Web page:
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Manhattan Institute

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Rewarding Experienced Teachers: How Much Do Schools Really Pay?

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Rewarding Experienced Teachers: How Much Do Schools Really Pay?

October 1, 2015
EducationPre K-12
Urban PolicyEducation

Executive Summary

U.S. public school districts pay a far larger premium for teacher experience than is typically acknowledged: the relationship between a teacher’s experience and take-home salary is widely reported; the relationship between a teacher’s experience and pension—another important element of total compensation—is not. Current compensation practices persist despite a wide body of research demonstrating that quality differences between teachers plateau after five to seven years.

This paper calculates true total compensation, including salary and pension, for teachers at varying years of experience in the ten largest U.S. public school districts: New York City, the largest, followed by Los Angeles, Chicago, Dade County (FL), Clark County (NV), Broward County (FL), Houston, Hillsborough County (FL), Hawaii, and Philadelphia. It finds that these districts’ “final-average-salary-defined-benefit” (FAS-DB) pension plans backload retirement compensation in a way that substantially increases the total compensation premium paid to highly experienced teachers who remain in the same school district their entire careers.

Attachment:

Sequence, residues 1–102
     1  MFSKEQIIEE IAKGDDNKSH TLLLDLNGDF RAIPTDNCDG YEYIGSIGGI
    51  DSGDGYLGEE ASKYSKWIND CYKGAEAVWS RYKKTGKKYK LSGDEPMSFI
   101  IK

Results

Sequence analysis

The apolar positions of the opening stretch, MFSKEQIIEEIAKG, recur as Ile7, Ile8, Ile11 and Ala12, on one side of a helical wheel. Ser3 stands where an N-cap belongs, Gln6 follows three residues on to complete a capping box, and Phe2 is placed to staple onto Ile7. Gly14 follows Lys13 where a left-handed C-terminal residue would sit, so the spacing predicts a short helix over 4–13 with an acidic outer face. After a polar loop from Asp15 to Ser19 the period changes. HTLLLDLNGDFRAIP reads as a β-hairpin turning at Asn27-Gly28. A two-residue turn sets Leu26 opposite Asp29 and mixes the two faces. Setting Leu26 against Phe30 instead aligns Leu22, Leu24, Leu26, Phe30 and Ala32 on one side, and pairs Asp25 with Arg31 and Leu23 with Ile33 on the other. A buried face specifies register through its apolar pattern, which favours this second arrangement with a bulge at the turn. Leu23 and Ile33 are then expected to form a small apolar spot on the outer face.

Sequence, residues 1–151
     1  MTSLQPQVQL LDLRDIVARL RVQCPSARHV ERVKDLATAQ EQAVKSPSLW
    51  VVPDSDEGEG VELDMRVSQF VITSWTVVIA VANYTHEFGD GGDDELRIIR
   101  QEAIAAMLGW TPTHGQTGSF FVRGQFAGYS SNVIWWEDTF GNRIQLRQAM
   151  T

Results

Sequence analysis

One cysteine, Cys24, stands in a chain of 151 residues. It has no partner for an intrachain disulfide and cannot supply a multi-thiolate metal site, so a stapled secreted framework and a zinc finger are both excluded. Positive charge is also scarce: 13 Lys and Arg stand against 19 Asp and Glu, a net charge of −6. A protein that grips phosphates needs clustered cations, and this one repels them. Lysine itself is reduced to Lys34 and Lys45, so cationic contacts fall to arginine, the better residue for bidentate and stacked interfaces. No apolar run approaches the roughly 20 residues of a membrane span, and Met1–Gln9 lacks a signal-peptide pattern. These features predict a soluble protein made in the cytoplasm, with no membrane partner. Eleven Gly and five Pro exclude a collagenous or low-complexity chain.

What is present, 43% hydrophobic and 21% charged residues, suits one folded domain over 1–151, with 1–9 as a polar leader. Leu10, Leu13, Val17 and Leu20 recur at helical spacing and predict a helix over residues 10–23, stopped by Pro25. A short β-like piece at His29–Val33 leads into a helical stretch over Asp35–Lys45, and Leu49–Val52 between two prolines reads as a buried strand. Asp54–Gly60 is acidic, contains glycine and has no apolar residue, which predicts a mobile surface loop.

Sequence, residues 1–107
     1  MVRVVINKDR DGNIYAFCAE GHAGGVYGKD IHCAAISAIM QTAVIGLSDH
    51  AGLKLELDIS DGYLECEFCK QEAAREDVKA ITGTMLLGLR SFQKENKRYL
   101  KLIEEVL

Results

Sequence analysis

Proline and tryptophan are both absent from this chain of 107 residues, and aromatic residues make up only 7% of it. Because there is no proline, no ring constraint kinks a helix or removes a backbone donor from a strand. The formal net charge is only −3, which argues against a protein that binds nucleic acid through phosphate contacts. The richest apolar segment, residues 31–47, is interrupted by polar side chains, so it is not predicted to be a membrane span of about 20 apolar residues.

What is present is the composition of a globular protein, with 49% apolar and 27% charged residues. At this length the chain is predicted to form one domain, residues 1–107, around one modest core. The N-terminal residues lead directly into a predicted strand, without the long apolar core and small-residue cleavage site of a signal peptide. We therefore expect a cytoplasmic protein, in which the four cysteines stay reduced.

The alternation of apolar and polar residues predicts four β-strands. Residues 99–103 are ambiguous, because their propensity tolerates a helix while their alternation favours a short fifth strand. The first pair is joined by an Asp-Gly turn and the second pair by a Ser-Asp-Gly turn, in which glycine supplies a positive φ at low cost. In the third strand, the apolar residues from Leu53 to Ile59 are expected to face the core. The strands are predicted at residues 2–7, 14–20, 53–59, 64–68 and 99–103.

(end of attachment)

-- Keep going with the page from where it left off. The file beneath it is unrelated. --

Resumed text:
The paper then models an alternative “cash-balance” (CB) pension plan, where teachers more smoothly accrue pension benefits across their careers; for the aforementioned school districts, the paper calculates changes to the teacher-experience premium if a district switched from its current heavily backloaded (FAS-DB) plan to a smooth-accrual (CB) plan of equivalent value—and thus, of equal cost to taxpayers. It finds that transitioning to the latter would substantially reduce the teacher-experience premium without reducing a teacher’s total expected career compensation. At present, the true value of total compensation for most U.S. public school teachers is poorly understood. It is also poorly aligned with teacher performance: the compensation gap between a teacher with, say, 35 years of experience and one with ten years is far greater than the gap in their teaching abilities. Smooth-accrual plans, the paper concludes, better align teacher compensation with teacher quality by raising compensation for teachers in their early years—a time when teachers improve most dramatically.

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Josh B. McGee is a senior fellow at the Manhattan Institute and vice president of public accountability at the Laura and John Arnold Foundation. In 2015, he was appointed to chair the Texas Pension Review Board by Governor Greg Abbott.

Marcus Winters is a senior fellow at the Manhattan Institute and an associate professor at Boston University.

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